Circulate on Fridays: Food Waste and Farming in a Circular Economy and more…
Every Friday, Circulate rounds up a collection of interesting circular economy related stories and articles from the week. This Friday, we’ve got a focus on food issues – both farming and food waste – and they relate to the circular economy concept, the impact of Watson on IBM and more…
“Should it be illegal for supermarkets to waste food?” Edward Delman asks the question for The Atlantic in the aftermath of France passing a law to do exactly that. Arash Derambarsh, the man who led that campaign, is now planning a campaign that translates the successful legislation into something that works at an international scale. Delman locates the question in an American context and reveals some of the issue’s complexities along the way. Whatever the outcome of this latest campaign, it is evident that the global system is not functioning effectively with a third of food wasted globally.
Staying on the topic of food, Adrian Shirk has been writing about the future of farming, specifically speculating about where farming will be done in the future. The world population is expected to reach 8.6 billion by 2050 and it has been estimated that an additional growing space the size of Brazil will be needed to provide food to meet that increase. Shirk discusses the business advantages of vertical hydroponics and aquaponics urban farms including, less space being needed, getting closer to the consumer and utilising new methods that reduce energy intensity.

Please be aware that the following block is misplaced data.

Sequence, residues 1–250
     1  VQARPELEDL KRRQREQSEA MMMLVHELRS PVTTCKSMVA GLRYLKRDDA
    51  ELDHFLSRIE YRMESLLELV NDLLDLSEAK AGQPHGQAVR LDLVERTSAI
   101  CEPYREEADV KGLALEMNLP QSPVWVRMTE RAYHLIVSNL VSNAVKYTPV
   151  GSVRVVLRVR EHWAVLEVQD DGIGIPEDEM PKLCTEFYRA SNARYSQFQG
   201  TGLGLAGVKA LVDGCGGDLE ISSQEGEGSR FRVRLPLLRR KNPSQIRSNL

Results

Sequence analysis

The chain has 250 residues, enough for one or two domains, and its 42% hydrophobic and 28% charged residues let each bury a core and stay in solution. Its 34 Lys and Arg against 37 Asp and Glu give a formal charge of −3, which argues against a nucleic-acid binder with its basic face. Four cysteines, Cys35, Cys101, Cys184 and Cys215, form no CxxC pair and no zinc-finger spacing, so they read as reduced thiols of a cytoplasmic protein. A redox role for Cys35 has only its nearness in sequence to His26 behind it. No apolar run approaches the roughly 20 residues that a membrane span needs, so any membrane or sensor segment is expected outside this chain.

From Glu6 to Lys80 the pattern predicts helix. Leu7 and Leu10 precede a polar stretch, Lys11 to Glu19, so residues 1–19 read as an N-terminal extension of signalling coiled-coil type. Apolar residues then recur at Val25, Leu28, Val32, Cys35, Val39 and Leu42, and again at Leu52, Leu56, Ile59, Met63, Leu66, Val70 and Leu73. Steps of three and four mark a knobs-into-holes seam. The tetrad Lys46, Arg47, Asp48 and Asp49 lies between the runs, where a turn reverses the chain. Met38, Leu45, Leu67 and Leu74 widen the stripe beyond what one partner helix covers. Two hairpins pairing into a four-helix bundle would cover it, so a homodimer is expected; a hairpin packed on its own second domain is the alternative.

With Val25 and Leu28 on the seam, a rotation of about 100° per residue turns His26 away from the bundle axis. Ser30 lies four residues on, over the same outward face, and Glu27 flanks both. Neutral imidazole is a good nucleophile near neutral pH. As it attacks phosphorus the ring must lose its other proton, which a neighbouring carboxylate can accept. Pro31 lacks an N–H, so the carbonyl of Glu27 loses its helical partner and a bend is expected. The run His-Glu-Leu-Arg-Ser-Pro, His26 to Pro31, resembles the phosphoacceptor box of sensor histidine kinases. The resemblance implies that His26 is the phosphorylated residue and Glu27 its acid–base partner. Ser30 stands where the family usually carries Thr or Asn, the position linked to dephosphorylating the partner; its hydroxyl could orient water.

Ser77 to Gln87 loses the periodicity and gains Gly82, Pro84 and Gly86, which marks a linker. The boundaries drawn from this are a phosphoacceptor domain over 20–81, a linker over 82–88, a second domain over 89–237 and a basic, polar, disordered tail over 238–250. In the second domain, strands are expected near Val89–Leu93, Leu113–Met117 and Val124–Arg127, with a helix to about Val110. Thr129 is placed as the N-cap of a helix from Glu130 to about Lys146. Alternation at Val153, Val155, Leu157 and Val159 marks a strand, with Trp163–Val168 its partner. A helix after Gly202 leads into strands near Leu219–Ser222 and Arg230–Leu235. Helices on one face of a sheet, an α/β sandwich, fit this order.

The question of food is a vital one for the circular economy and was recently tackled by Ellen MacArthur in an interview at the World Eat Forum Stockholm.
While the recent renewable energy headlines have been dominated by Costa Rica and North American cities like Texas and Vancouver, the statistics show that China is the leader in terms of renewable energy development. The reason according to John Matthews, writing for REneweconomy, is that China is responding to an economic imperative driven by a manufacturing industry that needs energy security and an increase in energy capacity.
There’s been plenty of coverage of IBM’s ground-breaking ‘Watson’ technology. This week, Brad Power has written about the way in which the technology is fundamentally shifting the emphasis of IBM’s business and the computer technology marketplace more broadly. Read the full article in the Harvard Business Review.